The muskrat is so common in the reservoirs of Europe that it seems that this animal has always lived here. But, in fact, the muskrat appeared in the Old World not so long ago, in 1905 several pairs were brought from North America and released near Prague. The animal quickly acclimatized and began to multiply rapidly. In the Soviet Union, he appeared at the end of the twenties, after a few years the livestock increased so much that commercial hunting was allowed for the muskrat.
14 interesting facts about the muskrat
- Muskrat is widespread in North America, successfully acclimatized in Europe and Asia. But it does not occur in South America, Africa, Australia and Antarctica.
- Muskrat outwardly resembles a rat, hence its second name - musk rat. Moreover, the muskrat is much larger, the weight of adults often exceeds 1.5 kg. The blood of the muskrat has an increased content of hemoglobin, due to which it is able to spend most of its life in cold water. The fur is thick and dense, which makes it waterproof. Muskrat prefer fresh water reservoirs.
- In countries with warm climates, the muskrat is capable of producing offspring up to 4-5 times a year. In colder regions, this happens much less often, no more than 2 times a year. The gestation period lasts 30 days, most often from 6 to 8 babies are born, each of which weighs 20 g. For 2-3 weeks they feed on mother's milk.
- Male muskrats practically do not take part in raising young animals. A month after birth, muskrats begin an independent life.
- When swimming, the muskrat can reach speeds of up to five kilometers per hour. The animal is able to stay under water for a long time without oxygen. The officially recorded time is about 17 minutes. The muskrat has poorly developed sense of smell and sight, it relies more on its excellent hearing.
- The basis of the muskrat's nutrition is plant food - reeds, reeds, horsetails, cattails. Muskrat can also feed on agricultural crops, and, if necessary, on fish, frogs and molluscs. The animal is most active after sunset and in the early morning.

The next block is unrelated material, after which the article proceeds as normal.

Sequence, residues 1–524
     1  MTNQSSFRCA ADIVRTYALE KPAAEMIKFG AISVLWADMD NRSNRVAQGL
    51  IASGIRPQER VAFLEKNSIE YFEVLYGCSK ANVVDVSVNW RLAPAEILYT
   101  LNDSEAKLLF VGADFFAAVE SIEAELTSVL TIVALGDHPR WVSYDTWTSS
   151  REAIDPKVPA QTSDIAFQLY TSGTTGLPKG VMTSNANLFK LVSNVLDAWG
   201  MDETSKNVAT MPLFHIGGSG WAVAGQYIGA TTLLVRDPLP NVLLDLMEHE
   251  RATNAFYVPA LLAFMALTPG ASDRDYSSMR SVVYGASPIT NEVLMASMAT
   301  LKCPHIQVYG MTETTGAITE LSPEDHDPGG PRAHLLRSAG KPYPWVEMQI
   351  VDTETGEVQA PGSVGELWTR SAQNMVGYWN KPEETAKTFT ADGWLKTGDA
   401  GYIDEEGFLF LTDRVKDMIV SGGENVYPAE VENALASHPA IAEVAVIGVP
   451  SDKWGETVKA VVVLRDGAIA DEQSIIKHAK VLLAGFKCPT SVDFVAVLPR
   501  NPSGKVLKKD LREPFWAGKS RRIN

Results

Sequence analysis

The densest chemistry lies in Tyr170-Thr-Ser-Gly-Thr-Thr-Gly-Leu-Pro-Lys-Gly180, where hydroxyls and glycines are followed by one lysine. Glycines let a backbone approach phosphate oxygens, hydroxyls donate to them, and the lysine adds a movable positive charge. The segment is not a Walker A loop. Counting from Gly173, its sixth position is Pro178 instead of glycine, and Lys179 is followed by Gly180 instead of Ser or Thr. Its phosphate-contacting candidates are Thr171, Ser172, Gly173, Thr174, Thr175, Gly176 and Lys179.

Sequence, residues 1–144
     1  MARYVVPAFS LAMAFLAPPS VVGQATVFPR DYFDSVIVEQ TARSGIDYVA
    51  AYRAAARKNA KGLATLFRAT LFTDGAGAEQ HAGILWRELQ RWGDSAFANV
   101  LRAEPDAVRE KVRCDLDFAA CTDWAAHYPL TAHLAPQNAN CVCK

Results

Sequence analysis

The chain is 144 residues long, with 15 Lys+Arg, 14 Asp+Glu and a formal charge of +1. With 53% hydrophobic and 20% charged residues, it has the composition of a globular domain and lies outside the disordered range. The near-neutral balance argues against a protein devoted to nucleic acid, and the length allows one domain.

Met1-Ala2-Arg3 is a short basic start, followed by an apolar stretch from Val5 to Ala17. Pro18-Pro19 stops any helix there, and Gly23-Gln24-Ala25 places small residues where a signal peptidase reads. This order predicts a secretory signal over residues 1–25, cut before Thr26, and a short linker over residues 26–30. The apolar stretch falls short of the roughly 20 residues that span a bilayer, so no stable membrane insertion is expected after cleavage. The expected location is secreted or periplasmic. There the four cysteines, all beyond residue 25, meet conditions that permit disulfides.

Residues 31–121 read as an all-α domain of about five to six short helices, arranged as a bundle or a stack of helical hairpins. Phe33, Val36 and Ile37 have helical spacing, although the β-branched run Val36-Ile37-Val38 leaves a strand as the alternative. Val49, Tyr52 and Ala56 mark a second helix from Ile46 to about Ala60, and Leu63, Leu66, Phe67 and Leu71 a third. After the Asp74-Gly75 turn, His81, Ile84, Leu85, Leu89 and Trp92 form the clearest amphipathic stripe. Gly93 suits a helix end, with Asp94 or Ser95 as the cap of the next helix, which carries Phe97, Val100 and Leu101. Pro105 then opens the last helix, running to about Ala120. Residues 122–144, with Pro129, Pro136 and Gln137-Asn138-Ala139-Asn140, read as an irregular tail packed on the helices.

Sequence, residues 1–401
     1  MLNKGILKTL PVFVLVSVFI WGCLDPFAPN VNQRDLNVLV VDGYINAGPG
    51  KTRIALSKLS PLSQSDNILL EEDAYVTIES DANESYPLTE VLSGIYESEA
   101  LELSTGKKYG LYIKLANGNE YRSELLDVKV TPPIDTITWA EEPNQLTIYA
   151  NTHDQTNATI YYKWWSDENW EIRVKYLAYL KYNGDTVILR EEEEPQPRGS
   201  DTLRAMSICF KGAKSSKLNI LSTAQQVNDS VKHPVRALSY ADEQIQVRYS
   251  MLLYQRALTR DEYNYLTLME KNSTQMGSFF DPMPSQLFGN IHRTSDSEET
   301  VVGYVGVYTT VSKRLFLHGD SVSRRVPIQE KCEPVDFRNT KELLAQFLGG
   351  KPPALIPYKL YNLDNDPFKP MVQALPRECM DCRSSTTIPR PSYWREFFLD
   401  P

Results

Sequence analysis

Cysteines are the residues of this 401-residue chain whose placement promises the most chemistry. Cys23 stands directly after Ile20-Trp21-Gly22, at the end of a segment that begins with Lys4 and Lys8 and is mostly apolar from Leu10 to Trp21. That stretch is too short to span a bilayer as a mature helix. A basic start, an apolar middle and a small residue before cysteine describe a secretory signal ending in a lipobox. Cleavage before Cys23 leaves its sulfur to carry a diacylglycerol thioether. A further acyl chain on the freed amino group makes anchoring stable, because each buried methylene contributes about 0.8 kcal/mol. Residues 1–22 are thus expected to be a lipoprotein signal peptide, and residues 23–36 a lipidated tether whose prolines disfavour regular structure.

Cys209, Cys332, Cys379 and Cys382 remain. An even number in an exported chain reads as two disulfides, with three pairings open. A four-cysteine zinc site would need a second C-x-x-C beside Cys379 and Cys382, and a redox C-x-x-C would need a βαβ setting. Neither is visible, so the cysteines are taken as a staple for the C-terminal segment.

- But the muskrat itself often falls prey to predators. On land, they are often attacked by foxes, raccoons, wild boars, wolves, and predatory fish can attack in the water. For example, pike or catfish. For defense, the muskrat uses sharp claws and teeth.
- Due to the large number of enemies, the muskrat's lifespan is short. In the first year of life, about 80 percent of individuals die, and no more than two percent survive to the age of four. In the USA, doctors strongly recommend eating muskrat meat, gourmets claim that muskrat tastes like a rabbit. No wonder, in North America, the muskrat is often called the "water rabbit". In captivity, the animal often lives up to 10 years, moreover, it does not cause much trouble to the owners, it eats everything that is offered with pleasure.
- The muskrat builds huts or digs holes to live in the wild. The entrance to the housing is always located below the water level to protect against enemies. It is always warm inside the hut, even in the most severe frosts, the temperature does not drop below 0 degrees. In addition, muskrats build pantries for themselves, where food supplies for the long winter are collected. Muskrats rarely leave their habitats. Most often this happens when there is a shortage of feed.
- Zoologists have noticed an interesting fact, approximately once every ten years, the population size is sharply reduced, and this does not depend on human activity in any way. But, after a while, the livestock is restored again. Moreover, this happens only in the wild, this is not observed on fur farms.
- Muskrat can be called a sanitary officer of reservoirs, it cleans them of unnecessary thickets of reed mace and reeds, at the same time, does not pose a threat to fish. But, in some countries, for example, in the Netherlands and Belgium, the muskrat is considered a real pest that destroys the banks of canals and dams, as well as spoils the networks of fishermen.
- Muskrat hats were very popular in the Soviet Union. Such a headdress was a sign of prosperity, often worn by officials of the highest rank. Considering that the cost of fur hats was quite high, they were often stolen.
- Muskrat is hunted in great numbers by hunters. Unlike, for example, the beaver, the muskrat is not shy, but, on the contrary, is very curious. Therefore, there is no need to carefully camouflage the traps, the animal is not afraid of it, but tries to carefully "investigate" the strange object.
- Despite the fact that the muskrat was introduced to Europe only at the beginning of the last century, the animal's fur has been known here since the seventeenth century. In some States, hunting for muskrat was so intense that it caused a sharp decline in numbers. For example, in 1791, hunting for muskrat was prohibited in Massachusetts.